February 22-28 is National Eating Disorder Awareness Week (NEDA Week).
In a world where you can’t open an app, turn on the TV, or glance at a magazine rack without seeing a model with the “perfect look,” body image issues are widely common amongst teens and young adults. Although mainstream media has taken strides towards inclusivity, the pressure to look a certain way is ever-present. And studies show that up to 30 million people in the United States suffer from an eating disorder.
In honor of NEDA Week, we’re discussing how to recognize and help someone who’s battling an eating disorder. In addition, the Eating Recovery Center is hosting virtual events and online discussions that can be found here.
Spotting an Eating Disorder
Eating disorders come in many different forms: restrictive food intake, bulimia nervosa, binge eating, obsessive exercising, and more. People often struggle silently for years with these issues.
Among others, these are three common warning signs of an eating disorder:
1. Changes in weight: Not everyone struggling with an eating disorder will appear overtly under-weight. Significant weight loss from anorexia tends to be more noticeable than with bulimia, but eating disorders can affect people at any weight. Rapid weight loss or frequent weight fluctuation are things to look out for.
2. Changes in eating and exercise patterns: You may notice someone stops eating around others, doesn’t eat foods they used to love, or drinks excessive amounts of water or caffeine to suppress their appetite. Other signs like cutting food into tiny pieces, hiding food in a napkin, or habitually using the bathroom after every meal are common with eating disorders. Concerning behavior also includes obsessively counting calories, ritualistically exercising, and getting irrationally upset when their exercise routine is disturbed.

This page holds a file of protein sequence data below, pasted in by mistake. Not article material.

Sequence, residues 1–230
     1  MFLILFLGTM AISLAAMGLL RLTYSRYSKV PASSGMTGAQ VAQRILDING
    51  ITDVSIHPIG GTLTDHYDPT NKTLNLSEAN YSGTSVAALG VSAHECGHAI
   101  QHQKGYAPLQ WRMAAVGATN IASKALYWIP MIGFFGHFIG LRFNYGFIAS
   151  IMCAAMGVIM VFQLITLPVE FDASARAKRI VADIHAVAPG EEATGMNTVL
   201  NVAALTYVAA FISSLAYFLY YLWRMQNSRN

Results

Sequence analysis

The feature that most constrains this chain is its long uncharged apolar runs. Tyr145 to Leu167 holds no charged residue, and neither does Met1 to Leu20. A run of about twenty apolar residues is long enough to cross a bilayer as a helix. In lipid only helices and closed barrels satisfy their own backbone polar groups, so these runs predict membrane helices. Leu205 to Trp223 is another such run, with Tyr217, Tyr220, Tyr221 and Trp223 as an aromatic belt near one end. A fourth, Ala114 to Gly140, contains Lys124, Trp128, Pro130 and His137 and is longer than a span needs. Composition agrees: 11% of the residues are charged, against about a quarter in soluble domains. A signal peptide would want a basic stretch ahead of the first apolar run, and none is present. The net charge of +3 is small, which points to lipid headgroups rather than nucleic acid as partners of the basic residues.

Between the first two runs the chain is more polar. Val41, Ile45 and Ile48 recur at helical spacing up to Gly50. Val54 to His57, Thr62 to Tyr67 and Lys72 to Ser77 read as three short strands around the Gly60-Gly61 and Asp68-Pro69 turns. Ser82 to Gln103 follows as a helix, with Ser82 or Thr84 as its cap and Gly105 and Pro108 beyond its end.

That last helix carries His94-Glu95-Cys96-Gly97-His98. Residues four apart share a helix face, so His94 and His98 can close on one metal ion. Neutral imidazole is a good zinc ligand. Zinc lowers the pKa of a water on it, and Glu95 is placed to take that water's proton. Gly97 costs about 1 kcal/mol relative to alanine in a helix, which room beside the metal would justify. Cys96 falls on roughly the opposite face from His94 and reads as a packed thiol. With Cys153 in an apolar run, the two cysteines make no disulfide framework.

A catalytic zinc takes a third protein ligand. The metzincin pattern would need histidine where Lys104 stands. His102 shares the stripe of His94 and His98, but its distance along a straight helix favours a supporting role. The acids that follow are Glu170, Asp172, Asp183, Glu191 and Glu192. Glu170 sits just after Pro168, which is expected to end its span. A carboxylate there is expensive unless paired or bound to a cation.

3. Fixated on body image: If someone is spending an inordinate amount of time looking in the mirror, staring at pictures of themselves, picking apart their features, and avoiding social events, it may be cause for concern. Although these actions alone don’t always point to an eating disorder, having a negative body image can lead down a slippery slope.
Physical signs of an eating disorder include hair loss, constant fatigue, yellow-colored skin, fainting spells, overall poor health, and more.
How to Help
Because eating disorders and mental health go hand in hand, it’s essential that a loved one steps to help once they start noticing harmful behavior.
Eating disorders are a sensitive subject that can often be met with denial, so it’s important to approach the topic from a loving place. Understand that opening this conversation will require patience, understanding, and unwavering support moving forward.
You can start with a trip to the doctor’s office to determine any medical issues or mental health conditions that need to be addressed. Based on the individual’s needs, their healthcare provider can suggest the proper medical treatment, nutritional counseling, therapy, or help needed to recover. If you are struggling with an eating disorder, we encourage you to tell a loved one and seek help. To speak to someone immediately, contact the National Eating Disorder Helpline at 800-931-2237.
This NEDA Week, let’s fight to end the stigma surrounding eating disorders by raising awareness and helping those who may be suffering.